Companies can assume the customer experience falls to customer success or customer service departments, but customer success teams can end up competing with sales and/or marketing to engage with prospects and customers. In Morgan’s case, communication from too many departments undermined her experience.

Fortunately, there is a simple solution to help you avoid undermining relationships with prospects and customers.

It begins with an objective audit of your customers’ experience.

•  What are all the touchpoints a customer receives from your company?

•  Are touchpoints coordinated in both tone and strategy?

•  Are they optimized for the company’s overall objectives?

•  Does the experience make prospects and customers feel barraged, ignored, or valued?

Mapping out the answers to these questions with customers in mind can help your company avoid the pitfalls Morgan experienced. When your communication is delivered thoughtfully and strategically it will inspire new and existing customers to believe that your services will be equally targeted.

  • Perspectives

    • Richardson is a practice lead with Centric Consulting.

      How to Create Consistent and Positive Customer Experiences with Your Brand

      Everyone knows that keeping the consumer happy is the first priority. The importance of considering the customer’s experience in all areas of engaging with your business, not just customer service is becoming even more clear. I’m seeing an increasing number of my peers in the marketing world take ownership of the customer experience with their brands. As a result, we’re all learning how to borrow and...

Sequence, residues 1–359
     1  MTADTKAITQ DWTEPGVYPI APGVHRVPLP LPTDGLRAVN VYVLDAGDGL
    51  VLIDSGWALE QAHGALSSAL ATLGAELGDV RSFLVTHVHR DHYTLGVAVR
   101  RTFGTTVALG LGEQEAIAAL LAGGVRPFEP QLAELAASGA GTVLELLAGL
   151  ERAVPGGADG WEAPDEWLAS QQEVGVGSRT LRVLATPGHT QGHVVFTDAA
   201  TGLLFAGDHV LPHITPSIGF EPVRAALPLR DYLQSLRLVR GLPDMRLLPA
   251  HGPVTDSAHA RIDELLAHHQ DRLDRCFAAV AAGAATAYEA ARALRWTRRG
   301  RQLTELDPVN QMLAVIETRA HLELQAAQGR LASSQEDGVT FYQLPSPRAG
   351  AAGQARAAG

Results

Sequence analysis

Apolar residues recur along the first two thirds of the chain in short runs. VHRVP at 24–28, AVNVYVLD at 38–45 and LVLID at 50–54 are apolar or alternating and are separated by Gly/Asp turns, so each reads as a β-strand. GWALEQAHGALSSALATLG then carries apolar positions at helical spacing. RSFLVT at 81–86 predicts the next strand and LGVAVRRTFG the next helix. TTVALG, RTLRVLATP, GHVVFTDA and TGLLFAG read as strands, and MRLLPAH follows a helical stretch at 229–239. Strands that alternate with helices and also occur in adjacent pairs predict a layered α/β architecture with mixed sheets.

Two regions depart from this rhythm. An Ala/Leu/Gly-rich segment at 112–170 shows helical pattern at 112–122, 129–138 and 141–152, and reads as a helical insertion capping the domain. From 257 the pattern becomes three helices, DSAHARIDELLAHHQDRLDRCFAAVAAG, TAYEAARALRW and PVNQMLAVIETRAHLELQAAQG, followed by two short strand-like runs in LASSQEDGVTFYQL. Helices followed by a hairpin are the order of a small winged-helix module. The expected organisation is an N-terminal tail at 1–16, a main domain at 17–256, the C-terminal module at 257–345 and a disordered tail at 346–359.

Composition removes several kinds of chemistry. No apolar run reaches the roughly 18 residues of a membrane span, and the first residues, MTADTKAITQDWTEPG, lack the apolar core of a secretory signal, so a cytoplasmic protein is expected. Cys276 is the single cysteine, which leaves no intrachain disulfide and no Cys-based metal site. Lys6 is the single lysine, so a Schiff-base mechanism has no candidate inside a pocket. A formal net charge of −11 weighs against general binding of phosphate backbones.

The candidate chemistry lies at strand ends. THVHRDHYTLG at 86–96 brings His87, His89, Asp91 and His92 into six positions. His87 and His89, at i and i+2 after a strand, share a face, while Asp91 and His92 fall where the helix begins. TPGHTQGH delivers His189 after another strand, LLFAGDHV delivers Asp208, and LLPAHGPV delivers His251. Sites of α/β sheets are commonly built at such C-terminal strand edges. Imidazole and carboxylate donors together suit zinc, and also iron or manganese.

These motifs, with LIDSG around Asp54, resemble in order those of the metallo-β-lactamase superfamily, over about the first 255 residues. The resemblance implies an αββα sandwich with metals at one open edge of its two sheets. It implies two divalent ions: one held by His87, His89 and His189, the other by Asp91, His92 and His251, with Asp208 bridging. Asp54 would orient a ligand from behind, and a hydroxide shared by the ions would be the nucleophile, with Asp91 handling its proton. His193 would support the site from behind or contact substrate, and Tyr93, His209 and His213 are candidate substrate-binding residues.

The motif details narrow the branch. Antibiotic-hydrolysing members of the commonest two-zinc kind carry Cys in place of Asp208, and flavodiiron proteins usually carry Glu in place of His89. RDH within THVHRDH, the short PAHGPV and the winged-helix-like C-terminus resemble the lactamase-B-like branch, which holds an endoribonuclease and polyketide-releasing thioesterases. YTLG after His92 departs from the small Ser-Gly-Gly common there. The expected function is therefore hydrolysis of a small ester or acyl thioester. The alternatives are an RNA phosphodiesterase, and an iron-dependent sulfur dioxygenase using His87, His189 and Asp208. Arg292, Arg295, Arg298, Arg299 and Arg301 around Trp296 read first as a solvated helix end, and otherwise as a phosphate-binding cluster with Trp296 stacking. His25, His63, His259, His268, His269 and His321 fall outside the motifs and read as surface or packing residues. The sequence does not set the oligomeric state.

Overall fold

Company Name:
Confirm Email:
INside Edge
Morning Briefing
BigWigs & New Gigs
Life Sciences Indiana
Indiana Connections


  • Most Popular Stories

    • (image courtesy of The Times of Northwest Indiana)

      U.S. Steel Updates Layoff Notice to State

      Pittsburgh-based U.S. Steel Corp. (NYSE: X) has updated the State of Indiana regarding its previously announced layoffs at the East Chicago Tin Mill. The company says 314, rather than 307, workers will be displaced when the mill is idled this fall. 

    • Red Star announced plans to expand and add 18 jobs.

      Larwill Medical Device Maker to Expand, Add Jobs

      A Whitley County-based medical device maker has announced plans to expand its facility in Larwill which should mean new jobs. Red Star Contract Manufacturing Inc. says it will invest $1.6 million in real estate improvements and additional equipment and will create 18 new jobs by 2022. 

    • Regal Beloit is closing in Valparaiso. (photo courtesy; The Times of Northwest Indiana)

      Valpo Bearings Plant to Close, Eliminating 160+ Jobs

      Wisconsin-based Regal Beloit Corp. and the union representing workers have reached an agreement about the closing of a helicopter bearing factory in Valparaiso. According to our partners at The Times of Northwest Indiana, the decision will cost between 160 to 170 workers their jobs. 

    • (WISH-TV Photo)

      Clif Bar Expands Indy Bakery

      California-based Clif Bar & Co. has completed a $10 million expansion of its commercial bakery in Indianapolis. The company says the project involved a more sustainable redesign of the facility for its employee-owners with a greater focus on energy efficiency.

    • AM General & Fiat Chrysler announce plans to build military grade Jeep Gladiator pickup trucks.

      AM General, FCA Collaborate on New Military Grade Jeep

      Nearly 80 years since the first jeep rolled off the assembly line, and helped support American soldiers throughout World War II, it appears the trusted four-wheel-drive machine may be making a comeback in the U.S. military. South Bend-based AM General LLC has teamed up with Fiat Chrysler Automobiles to build military-grade versions of the 2020 Jeep Gladiator pickup truck.